Set in 300 hectares of coastal privacy, the lodge offers a ‘superyacht service’, a tailored and proactive approach to a guest’s wants and needs. Staff are adaptable to most requirements and do their best to anticipate what it is that guests enjoy, or don't.
When catering to guest requirements, it is essential that service, although always available, should be discreet and never intrusive. Respecting the privacy and confidentiality of the high-end traveller is a high priority at the Northland lodge.
With its high-quality facilities, the lodge allows guests to stay and play without the need for more travelling. Travel to the lodge can be by the lodge’s own twin-engine helicopter, even at night.
Not only for the international guest
Increasingly, Kiwis are also seeking out the luxury experiences New Zealand high-end lodges offer.
Karine Thomas, Director of Navigate Oceania – the marketing company for Treetops Lodge & Estate in Rotorua – says Kiwis get the same quality and service international guests receive.
“I think New Zealanders enjoy exactly the same quality as international guests. However, Kiwis probably come more for the outdoors and spa experiences.”
Thomas says the difference between international guests and New Zealanders is that Kiwis are not as interested in cultural experiences – until they get to the lodge, where they’re wowed by the Maori Food Trail, for example.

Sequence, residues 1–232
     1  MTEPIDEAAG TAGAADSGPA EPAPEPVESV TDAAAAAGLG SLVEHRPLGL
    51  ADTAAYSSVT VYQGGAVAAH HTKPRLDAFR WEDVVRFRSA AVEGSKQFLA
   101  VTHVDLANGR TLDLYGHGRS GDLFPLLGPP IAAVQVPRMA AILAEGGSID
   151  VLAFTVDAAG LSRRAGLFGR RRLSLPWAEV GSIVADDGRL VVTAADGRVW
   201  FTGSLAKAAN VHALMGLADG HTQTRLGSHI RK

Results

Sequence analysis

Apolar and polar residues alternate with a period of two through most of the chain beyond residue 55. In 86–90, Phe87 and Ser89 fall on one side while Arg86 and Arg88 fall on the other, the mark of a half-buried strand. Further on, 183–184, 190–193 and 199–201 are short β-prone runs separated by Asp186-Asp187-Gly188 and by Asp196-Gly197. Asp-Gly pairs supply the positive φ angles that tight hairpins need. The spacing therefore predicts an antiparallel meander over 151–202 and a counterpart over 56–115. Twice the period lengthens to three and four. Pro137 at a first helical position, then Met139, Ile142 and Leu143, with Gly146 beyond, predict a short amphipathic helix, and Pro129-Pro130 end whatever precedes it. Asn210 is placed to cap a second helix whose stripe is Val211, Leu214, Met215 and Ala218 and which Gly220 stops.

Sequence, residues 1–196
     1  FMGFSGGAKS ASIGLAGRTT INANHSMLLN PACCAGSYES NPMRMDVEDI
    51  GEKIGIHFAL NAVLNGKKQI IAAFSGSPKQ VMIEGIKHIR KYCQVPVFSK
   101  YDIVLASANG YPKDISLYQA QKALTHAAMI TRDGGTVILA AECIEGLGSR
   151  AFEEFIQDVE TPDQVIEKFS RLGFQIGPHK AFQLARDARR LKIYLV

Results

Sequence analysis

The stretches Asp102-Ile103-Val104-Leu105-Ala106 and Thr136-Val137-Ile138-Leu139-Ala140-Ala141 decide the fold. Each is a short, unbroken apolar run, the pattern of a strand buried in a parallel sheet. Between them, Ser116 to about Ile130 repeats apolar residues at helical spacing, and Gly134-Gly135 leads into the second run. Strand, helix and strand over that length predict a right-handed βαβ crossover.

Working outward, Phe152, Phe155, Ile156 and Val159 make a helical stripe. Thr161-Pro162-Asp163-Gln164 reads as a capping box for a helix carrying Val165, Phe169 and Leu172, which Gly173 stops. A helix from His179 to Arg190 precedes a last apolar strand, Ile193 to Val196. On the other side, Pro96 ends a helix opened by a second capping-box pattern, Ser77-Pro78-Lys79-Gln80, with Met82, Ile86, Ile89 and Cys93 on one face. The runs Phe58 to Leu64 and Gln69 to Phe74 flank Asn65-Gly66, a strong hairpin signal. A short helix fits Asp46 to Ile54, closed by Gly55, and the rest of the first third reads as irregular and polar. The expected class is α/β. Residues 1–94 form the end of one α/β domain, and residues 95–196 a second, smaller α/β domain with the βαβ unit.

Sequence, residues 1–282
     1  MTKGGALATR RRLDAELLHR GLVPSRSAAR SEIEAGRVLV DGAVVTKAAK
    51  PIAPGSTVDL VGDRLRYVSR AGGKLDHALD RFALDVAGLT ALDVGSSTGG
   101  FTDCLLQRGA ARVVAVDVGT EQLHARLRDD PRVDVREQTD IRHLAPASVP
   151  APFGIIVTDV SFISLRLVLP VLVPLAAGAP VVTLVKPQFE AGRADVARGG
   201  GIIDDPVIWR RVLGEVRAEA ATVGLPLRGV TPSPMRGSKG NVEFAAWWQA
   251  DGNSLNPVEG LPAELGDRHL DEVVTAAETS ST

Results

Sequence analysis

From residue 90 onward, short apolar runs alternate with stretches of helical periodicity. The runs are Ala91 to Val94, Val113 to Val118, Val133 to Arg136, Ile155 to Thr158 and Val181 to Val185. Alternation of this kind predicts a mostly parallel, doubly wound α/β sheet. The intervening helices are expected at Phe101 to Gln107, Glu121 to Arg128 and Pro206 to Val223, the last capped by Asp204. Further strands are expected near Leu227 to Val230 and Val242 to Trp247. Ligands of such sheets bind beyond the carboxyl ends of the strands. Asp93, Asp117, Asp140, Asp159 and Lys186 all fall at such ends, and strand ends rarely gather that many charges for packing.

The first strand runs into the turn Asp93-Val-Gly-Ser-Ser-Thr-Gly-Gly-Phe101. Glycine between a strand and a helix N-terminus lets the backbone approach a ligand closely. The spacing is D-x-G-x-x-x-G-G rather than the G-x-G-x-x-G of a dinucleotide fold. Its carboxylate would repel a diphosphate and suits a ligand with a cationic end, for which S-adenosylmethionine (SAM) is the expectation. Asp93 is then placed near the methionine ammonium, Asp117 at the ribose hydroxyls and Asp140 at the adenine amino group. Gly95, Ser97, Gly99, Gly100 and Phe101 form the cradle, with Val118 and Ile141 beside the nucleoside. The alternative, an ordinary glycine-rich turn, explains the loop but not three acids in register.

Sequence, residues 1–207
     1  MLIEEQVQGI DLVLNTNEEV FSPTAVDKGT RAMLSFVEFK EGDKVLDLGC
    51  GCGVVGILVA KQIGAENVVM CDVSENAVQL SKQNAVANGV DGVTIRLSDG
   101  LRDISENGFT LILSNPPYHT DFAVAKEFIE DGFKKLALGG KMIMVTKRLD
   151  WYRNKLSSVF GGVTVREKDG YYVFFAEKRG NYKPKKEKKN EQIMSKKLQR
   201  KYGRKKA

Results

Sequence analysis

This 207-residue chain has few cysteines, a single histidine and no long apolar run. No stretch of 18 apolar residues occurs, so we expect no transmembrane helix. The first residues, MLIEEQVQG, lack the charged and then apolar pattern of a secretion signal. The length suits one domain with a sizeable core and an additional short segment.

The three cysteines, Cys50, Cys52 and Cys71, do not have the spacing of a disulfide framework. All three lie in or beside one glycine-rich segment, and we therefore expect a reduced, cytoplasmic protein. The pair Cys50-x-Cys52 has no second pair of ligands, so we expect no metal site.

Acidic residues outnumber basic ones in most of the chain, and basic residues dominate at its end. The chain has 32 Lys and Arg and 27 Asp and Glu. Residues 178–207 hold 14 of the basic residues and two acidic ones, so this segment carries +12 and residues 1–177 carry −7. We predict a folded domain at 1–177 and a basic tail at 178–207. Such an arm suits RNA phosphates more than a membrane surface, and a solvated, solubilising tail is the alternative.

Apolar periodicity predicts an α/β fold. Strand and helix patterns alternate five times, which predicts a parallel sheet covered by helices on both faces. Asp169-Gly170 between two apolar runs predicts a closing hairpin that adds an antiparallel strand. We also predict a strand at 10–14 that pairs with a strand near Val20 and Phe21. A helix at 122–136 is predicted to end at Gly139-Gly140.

“Guests learn about native herbs, vegetables and how the Maori people use them for naturopathic remedies. And [they love] the wild food cooking school we offer, the ‘estate to plate’.”
Roselyn Storey, from longstanding Waiheke property Delamore Lodge, says she sees guests from all over the world, peaking at different times of the year. “Guests include a lot of New Zealanders just wanting a special weekend away.”
Golf, fishing, crayfish, back-country experiences, gourmet dinners . . . As international travellers pour into New Zealand to enjoy once-in-a-lifetime experiences, Kiwis don’t need to feel envious. For a lot less cost, they can access similar experiences any day – without a plane ticket.
** 2013 World Wealth Report